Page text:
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Archikulture Digest

by Carl F Gauze

Archive for November, 2015

The Quest: Choose Your Own Adventure

Tuesday, November 24th, 2015

The Quest: Choose Your Own Adventure – A Musical
Written and conceived by Nishaa Carson and Keith Newhouse
Directed by Spensyr Mayfield and A. J Harrett
Musical Direction by Nishaa Carson
Fight Choreography by A. J Harrett
Starring Kevin Romera, Nishaa Carson, David Bracamonte, and Erik Branch
Central Florida Vocal Arts
Presenting at The Venue, Orlando FL

Opera is one of those arts that used to be funny and sexy until it became a hobby of the wealthy. Central Florida Vocal Arts attempts to peel off that veneer of respectability while maintaining the vocal gymnastics opera excels at. Tonight they taken a rather innovative approach to “The Magic Flute,” mixing it with pop tunes sung in the grand styles and simple but fun staging. At various times The Tall Guy With A Drink (Peter Heid) appears and encourages us to vote on what happens next. Since I only got to this show at the end of the run, it seemed like the crowd knew the “right” way to vote. Shades of Tammany Hall!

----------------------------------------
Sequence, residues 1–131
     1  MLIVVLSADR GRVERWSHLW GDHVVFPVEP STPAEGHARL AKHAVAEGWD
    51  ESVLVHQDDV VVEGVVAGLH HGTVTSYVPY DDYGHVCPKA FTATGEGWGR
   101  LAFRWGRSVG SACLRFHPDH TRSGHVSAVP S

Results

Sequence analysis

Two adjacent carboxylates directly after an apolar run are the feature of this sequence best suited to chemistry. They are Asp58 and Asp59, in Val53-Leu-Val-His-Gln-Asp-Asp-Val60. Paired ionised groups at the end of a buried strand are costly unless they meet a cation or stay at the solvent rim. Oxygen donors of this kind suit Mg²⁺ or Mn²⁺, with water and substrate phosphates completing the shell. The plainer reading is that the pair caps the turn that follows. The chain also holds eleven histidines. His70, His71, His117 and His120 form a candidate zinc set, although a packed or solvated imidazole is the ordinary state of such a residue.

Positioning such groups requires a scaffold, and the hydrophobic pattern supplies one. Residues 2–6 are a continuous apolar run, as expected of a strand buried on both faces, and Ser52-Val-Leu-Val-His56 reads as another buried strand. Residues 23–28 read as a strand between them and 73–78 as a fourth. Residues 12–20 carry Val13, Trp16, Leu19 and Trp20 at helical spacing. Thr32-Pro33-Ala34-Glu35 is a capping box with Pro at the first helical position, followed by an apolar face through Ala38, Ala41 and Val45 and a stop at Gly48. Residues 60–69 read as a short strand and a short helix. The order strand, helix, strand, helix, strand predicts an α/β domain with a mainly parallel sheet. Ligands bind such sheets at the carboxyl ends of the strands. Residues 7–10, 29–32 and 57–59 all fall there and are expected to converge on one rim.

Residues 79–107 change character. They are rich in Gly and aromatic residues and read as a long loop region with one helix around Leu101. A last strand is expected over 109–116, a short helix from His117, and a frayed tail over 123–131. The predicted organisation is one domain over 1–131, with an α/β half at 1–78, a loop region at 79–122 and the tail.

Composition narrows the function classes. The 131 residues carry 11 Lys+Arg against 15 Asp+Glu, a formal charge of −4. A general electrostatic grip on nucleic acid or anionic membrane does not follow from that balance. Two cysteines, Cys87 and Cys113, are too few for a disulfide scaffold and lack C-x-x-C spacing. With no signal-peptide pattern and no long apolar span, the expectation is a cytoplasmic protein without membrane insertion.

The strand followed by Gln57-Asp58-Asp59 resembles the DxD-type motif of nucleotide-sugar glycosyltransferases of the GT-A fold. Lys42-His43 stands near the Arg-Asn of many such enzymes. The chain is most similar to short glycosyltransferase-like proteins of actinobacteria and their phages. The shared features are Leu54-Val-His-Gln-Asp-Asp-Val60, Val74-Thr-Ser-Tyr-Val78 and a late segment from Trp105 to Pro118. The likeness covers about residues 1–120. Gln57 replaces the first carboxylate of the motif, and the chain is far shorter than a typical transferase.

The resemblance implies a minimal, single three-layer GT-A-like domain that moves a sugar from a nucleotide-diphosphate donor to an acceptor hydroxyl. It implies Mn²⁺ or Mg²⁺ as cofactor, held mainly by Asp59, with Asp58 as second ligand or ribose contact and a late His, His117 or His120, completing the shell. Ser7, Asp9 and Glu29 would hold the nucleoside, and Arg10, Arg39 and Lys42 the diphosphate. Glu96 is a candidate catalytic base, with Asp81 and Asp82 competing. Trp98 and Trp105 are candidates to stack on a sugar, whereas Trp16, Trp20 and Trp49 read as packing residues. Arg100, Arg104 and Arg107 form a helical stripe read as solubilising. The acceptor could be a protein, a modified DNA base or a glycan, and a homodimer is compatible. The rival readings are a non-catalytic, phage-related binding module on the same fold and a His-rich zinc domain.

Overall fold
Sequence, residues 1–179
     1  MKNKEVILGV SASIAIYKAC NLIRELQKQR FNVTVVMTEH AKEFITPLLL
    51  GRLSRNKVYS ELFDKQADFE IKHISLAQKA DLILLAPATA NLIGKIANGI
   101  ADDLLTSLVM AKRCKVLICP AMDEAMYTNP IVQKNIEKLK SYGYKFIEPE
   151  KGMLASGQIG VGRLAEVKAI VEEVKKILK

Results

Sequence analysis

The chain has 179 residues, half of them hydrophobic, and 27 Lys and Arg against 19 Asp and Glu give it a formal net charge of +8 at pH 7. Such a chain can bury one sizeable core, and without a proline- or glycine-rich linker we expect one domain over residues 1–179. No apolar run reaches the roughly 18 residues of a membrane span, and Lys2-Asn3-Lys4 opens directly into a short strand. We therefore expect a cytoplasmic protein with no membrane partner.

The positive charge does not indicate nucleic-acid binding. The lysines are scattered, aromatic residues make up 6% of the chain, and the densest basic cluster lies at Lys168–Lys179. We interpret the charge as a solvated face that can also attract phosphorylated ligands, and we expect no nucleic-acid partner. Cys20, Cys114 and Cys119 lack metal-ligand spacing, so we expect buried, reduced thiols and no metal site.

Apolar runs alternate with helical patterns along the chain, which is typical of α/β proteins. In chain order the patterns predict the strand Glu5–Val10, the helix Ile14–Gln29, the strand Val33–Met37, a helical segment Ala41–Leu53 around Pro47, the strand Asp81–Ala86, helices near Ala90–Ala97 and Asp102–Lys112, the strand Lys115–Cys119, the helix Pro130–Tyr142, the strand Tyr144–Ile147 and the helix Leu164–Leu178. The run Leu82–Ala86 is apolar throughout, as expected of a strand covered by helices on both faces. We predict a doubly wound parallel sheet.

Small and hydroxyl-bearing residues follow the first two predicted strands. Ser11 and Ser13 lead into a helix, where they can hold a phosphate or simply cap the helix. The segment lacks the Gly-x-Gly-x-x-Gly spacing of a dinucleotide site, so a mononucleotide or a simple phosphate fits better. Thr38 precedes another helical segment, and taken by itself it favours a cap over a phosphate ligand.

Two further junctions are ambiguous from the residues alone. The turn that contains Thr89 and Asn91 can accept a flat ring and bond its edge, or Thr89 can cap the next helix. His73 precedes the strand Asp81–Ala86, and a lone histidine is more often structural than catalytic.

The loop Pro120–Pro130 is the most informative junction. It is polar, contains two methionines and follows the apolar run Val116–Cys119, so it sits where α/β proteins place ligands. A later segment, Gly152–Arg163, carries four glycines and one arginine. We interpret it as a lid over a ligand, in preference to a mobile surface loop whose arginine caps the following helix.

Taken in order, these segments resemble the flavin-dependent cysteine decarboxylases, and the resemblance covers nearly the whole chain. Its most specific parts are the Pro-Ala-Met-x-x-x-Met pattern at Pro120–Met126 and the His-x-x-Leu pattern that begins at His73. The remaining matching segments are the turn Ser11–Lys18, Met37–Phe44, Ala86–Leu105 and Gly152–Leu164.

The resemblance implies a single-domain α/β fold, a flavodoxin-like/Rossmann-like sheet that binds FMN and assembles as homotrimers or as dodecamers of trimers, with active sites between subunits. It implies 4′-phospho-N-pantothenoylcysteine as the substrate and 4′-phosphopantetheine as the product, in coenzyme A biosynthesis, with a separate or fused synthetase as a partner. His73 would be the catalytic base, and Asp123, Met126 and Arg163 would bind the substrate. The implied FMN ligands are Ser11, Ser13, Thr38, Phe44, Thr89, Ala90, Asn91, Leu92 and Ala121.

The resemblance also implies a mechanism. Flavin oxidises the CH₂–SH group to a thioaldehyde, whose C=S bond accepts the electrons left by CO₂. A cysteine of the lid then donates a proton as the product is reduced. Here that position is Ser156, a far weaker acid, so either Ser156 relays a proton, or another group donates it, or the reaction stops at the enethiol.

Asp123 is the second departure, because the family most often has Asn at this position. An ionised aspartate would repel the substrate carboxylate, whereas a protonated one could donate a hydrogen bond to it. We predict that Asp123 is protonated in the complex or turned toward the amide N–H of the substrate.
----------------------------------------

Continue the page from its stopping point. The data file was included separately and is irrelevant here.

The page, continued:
Poor lost prince Tamino (Kevin Romero) is attacked by a plush snake operated by three young women. He wakes up in the avian presence of Papageno (David Bracamonte) and they become friends. Tamino is shown a picture of Pamina (McKenzie Frazier) and we are off on the race to get the young couple marries despite the efforts of the evil Queen of the Night (Carson) and the evil looking but kind hearted Sarastro (Eric Branch). Branch belts out an amazing version of Radio Head’s “Creep” while Bracamonte does some doo-wop. Later he joins in a duet with Ms. Frazier on my favorite Holy Grail tune “A Song Like This.” Ms. Carson sticks to the operatic arias; she very good at singing them and I’m very bad at identifying them. Overall, it’s a fun and surprising collection of pop, show tunes and opera, all done tongue in cheek and with audience participation. Plus, CFVA is one of the few groups than can get good sound out of the echoey Venue space.